Written by The Business Journal Staff
The Valley’s lettuce crops are harvested from late February to late April and from September to November, filling the gaps between the Salinas and Yuma, Ariz. lettuce seasons.
Valley’s Lettuce remains an important Huron crop, providing most of the nation’s fall and spring supplies. But now permanent tree crops are also being planted in the Huron area, including pistachios.
“There are permanent plantings in Huron,” said Dale Samuelian, senior vice president of Pearson Realty in Fresno. “They were annual row crops.”
Challenges in Huron
Water is not as readily available on the Westside of the Valley as it is on the east side, but crops like pistachios, which can handle heat and dry conditions, can do well in Huron area. Also much of the surrounding land is considered marginal.
With nut prices rising, farmers have made some sizable purchases in and around Huron, as they have across the Valley.
One example is a Dec. 27, 2012 purchase of 5,279 acres of farmland in Fresno County south of Huron for $43.1 million. Agents Jon Daggett and Bill Hopkins of Pearson Realty in Fresno brokered the deal that translates to a little more than $8,000 an acre.
It was the largest amount spent on farm real estate in the central San Joaquin Valley from Jan. 1, 2012 and Jan. 1, 2013, according to farm real estate information supplied by agents to The Business Journal.
But at the per-acre price it was considered a bargain even though pistachio trees will have to be planted and an irrigation system installed. Some growers would prefer to start from scratch and have a producing nut orchard for a longer period of time.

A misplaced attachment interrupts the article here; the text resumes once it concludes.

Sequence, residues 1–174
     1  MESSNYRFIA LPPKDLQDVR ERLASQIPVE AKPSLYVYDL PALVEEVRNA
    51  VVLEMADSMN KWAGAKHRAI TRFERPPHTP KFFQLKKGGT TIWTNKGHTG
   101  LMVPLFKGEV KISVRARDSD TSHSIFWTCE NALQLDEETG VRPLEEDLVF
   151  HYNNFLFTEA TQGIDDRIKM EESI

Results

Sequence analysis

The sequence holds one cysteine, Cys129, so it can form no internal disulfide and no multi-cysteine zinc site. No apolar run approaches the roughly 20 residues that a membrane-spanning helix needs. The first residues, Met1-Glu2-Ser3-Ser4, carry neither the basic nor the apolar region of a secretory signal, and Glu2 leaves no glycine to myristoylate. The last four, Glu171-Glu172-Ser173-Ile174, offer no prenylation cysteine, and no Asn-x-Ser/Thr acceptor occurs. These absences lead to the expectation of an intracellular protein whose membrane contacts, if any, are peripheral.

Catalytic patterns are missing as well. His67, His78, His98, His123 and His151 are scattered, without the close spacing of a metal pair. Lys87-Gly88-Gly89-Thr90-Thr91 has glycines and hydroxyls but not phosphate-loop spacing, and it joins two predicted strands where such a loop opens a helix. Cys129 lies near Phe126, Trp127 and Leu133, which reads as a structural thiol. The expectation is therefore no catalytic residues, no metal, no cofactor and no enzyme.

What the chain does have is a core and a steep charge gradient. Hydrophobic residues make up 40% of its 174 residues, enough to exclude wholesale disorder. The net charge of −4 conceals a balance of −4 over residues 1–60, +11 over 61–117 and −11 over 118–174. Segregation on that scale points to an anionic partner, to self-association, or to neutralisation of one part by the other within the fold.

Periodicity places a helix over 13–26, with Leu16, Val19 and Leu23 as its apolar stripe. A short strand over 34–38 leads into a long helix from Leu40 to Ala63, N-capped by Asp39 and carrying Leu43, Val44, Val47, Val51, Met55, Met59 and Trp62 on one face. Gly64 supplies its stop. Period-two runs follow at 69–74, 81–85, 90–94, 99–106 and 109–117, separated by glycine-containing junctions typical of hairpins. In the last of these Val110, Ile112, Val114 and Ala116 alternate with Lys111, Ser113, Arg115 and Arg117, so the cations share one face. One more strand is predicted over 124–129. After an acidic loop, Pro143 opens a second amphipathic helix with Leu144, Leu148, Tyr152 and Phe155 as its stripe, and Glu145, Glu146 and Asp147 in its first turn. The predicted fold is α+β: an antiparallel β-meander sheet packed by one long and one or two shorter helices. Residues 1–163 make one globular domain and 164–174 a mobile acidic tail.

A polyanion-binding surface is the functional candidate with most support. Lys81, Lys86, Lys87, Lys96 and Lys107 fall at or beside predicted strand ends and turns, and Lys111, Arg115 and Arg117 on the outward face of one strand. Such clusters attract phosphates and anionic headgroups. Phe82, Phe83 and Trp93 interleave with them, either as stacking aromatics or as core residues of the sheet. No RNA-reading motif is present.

Variety of Valley areas represented
The second highest price paid was $20 million for 1,250 acres, or $16,000 an acre, for a young pistachio orchard on Road 9 in Chowchilla. Agent Al Mendrin handled the transaction for broker Patrick Conner with London Properties in Fresno.
Huron came up again scoring fourth on the list of high-priced purchases with a 1,028-acre open land property five miles southeast of Huron that sold on Sept. 27, 2012 for $8.2 million, or $8,000 an acre.
To the south, a 160-acre producing almond ranch with an electrically operated well on Avenue 152 in Tipton is up for sale at $4.8 million, or $30,000 an acre. The property is described as a premium operating almond ranch.
By comparison, operating vineyards, which are often pricy investments, now are in much in the same price range as nut orchards. For instance a 111.17-acre vineyard with chardonnay and merlot grapes with Highway 99 frontage in Tagus in Tulare County is up for sale for $3.7 million, or about $33,000 an acre.
A 20-acre Thompson grape vineyard in Kerman is advertised for sale for $364,500, or $18,225 per acre.
A 78-acre walnut orchard on Avenue 272 in Visalia is listed for sale in Visalia for $2.25 million, or about $28,846 an acre.
Prices no surprise
The high prices paid for usable farmland and orchards come as no surprise to local experts. And with a limited supply of good land available, interest among farmers and investors has grown.
Herb Hansen, owner of Herb Hansen Real Estate in Caruthers, said his phone has been ringing off the hook for a 453.16-acre almond orchard he has for sale in Helm. The listing price is $9 million, or about $19,986 an acre. It includes water, electricity, gas and a metal shop building.
“I can’t believe the inquiries,” Hansen said. “I own an almond orchard and I should be selling.”
He said almond orchards are generally selling for $20,000 an acre. Rising almond prices and strong demand have boosted the price per acre, Hansen said. “The price goes up every week, he said.